The Problem with Governance
24 February 2020
Posted by: Andrew Craddock
The problem with Governance is that it is seen by most as a necessary evil that has been thought up by naive do-gooders and is policed by narrow-minded jobsworths. Furthermore, many hold the opinion that neither of these groups really understand what it means to operate in the “real world” and that they seem hell-bent on getting in the way of doing just that.
In reality there seems to be more than a little truth to that in many organisations who have governance structures and processes not suited to our VUCA world – a world characterised by Volatility, Uncertainty, Complexity and Ambiguity. There is rarely smoke without fire and what is usually at the heart of the matter is a fundamental misconnect between the intention of Governance and the way it is typically implemented.
To fix this misconnect, we need to review what governance is, or perhaps what it should be, and recast the machinery of Governance in a way that is sensitive to our VUCA world and allows organisations to be responsive, adaptive and innovative in the face of challenges from customers, stakeholders and legislators alike.
The terms Agile and Agility have grown from their roots in Software Development to become common parlance in the board room, often as shorthand for doing a better job faster and cheaper. However, that simplistic view undermines both the business potential and the operational effectiveness of Agility.
The Agile philosophy runs much deeper than that and emphasises the importance of collaborative endeavour over process-compliant activity, delivery of value over the detailed debate around it, and doing the right thing over doing what was agreed at the outset. It is actually the adoption of new Agile ways of working that deliver the desired ‘better, faster, cheaper’ outcomes.
Achieving Agility in business is often hampered by a philosophical mismatch between a modern, flexible and empowered approach to getting things done and traditional mechanisms for both governance and regulatory compliance that assume a VUCA-denying predictability of both the outcome of a given endeavour and the ways of working required to achieve it.
Governance should be about ensuring an organisation is aligned around doing the right thing in the right way. Here, the term organisation can be applied to a whole business (whether that is a company, a public body or a charity) or a subset of that business (whether that is an operational group, a support function or a project/development team).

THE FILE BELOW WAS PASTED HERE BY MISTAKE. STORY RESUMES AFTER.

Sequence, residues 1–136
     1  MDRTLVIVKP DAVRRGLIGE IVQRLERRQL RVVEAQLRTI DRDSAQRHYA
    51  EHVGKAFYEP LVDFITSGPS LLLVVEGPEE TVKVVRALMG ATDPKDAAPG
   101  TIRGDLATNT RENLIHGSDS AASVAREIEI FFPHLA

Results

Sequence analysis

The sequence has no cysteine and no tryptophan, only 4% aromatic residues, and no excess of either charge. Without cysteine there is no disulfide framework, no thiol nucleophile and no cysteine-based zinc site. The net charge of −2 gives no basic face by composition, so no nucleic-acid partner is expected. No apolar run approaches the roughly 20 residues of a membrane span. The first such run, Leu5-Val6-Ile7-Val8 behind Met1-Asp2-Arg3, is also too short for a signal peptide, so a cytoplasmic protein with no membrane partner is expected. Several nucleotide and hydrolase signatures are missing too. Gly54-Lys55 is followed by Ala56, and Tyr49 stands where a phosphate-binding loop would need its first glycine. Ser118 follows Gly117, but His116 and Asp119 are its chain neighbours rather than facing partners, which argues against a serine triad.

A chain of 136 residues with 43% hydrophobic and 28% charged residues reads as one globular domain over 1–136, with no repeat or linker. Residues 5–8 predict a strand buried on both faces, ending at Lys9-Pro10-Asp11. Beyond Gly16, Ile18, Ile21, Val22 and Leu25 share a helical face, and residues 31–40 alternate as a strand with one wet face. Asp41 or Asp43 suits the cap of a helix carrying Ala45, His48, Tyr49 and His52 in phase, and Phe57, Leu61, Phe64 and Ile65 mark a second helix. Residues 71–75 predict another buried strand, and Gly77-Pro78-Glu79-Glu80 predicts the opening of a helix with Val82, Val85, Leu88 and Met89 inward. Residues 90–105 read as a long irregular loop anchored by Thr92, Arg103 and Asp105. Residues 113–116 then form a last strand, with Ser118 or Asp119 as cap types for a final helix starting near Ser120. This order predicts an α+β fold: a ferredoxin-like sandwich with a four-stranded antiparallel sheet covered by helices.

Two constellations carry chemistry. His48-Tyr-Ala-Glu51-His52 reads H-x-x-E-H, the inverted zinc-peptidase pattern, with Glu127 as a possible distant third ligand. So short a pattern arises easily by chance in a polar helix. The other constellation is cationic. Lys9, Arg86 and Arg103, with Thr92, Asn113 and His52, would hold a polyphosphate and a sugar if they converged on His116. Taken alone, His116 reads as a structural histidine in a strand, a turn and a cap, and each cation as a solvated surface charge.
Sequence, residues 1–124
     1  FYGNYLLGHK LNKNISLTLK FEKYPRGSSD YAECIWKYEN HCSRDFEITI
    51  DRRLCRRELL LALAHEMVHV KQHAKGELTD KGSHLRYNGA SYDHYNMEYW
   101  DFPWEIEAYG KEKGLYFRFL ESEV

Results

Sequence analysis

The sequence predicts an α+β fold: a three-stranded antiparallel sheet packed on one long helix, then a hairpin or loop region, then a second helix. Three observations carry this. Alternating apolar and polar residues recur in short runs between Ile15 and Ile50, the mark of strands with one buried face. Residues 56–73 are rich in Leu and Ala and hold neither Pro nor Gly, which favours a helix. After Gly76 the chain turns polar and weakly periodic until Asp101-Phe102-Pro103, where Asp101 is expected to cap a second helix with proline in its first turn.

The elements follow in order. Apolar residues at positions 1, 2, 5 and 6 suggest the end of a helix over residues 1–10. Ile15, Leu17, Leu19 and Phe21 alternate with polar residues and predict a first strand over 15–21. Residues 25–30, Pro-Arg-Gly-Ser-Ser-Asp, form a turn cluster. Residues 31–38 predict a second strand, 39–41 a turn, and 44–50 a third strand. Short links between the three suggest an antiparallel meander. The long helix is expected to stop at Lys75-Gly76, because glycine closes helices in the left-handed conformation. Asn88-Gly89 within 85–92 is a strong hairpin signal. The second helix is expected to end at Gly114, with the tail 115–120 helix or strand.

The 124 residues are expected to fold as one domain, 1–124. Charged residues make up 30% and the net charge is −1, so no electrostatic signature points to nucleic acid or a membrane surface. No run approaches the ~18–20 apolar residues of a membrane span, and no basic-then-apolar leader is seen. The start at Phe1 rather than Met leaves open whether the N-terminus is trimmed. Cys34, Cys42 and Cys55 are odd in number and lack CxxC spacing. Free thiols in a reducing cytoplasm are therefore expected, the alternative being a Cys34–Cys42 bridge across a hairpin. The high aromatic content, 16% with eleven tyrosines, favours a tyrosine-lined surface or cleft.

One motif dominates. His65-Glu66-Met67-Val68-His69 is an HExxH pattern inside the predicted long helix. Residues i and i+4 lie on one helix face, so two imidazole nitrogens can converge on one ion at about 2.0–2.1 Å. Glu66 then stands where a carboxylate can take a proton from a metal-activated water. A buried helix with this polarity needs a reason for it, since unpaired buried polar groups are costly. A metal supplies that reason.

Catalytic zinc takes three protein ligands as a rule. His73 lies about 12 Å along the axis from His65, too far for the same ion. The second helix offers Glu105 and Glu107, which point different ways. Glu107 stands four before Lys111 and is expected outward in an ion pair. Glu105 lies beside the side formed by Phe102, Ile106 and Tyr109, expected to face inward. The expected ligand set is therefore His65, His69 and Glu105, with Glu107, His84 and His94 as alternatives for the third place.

Effective governance combines elements of ‘direction’ of an organisation to guide both purpose and ways of working, with ongoing monitoring to ensure that these are being respected. Agility in Governance is needed to support Agility in business and, to do so, must not be unnecessarily restrictive. It can and should work to the advantage of a business rather than get in its way. This can only be achieved through effective empowerment of people who are fully aligned around the intent of the organisation
A working definition of governance that would suit an Agile business or one with such aspirations is, therefore:
“A light-touch, flexible approach to ensuring that the activities
of an organisation remain aligned to the values and intentions of its sponsors”
To achieve this Agile Governance should be universal, pervasive and scalable around values that support:
Radical Transparency over Subjective Bureaucracy
There is a need to replace turgid reporting, and the often-realised risk of misinformation associated with a parallel world of pro-forma documentation, with absolute transparency of practice. Where required, for purposes of audit and the demonstration of compliance with legal and other standards, contemporary records should, of course, be made and retained. Transparency should be radical in that such records should be totally objective – context can be provided as a parallel commentary but the record itself should be clear, factual and free of spin.
Trusted Autonomy over Hierarchical Control
Human beings are differentiated from the rest of the animal kingdom primarily by our ability to solve complex problems both individually and, at scale, collectively. All too often, corporate policies and procedures act to supress this innate capability in an attempt to turn us into unthinking drones, programmed to a single purpose. Trusted, self-organising, autonomous human collectives who are aligned around a common purpose and a shared understanding (rather than just knowledge) of necessary standards and constraints will always out-perform pre-programmed hierarchically controlled drones. Organisations that will thrive in the 21st century will do so by unleashing the human potential of their people.
Collaborative Responsiveness over Diffuse Deliberation
To be responsive to the turbulence of a VUCA world, organisations need the ability to think on their feet. The best and most rapid decisions are made by those closest to the event that requires the decision to be made because the individuals concerned are, or through an advice process can be, best informed by the facts and imperatives in play. Organisations where hierarchical control trumps trusted autonomy and where decision making is restricted to small groups of senior people at a distance from the event, however wise and experienced they may be, will be disadvantaged in a world where dynamic responses to external conditions are required
Given the volatility, uncertainty, complexity and ambiguity of our 21st century reality can your organisation risk hampering the Agility required to survive and thrive with unnecessarily restrictive mechanisms of governance designed in and for a 20th century world? Or is now the time to explore, define and test a modern, dynamic and Agile mode of governance to unleash your organisation’s untapped potential?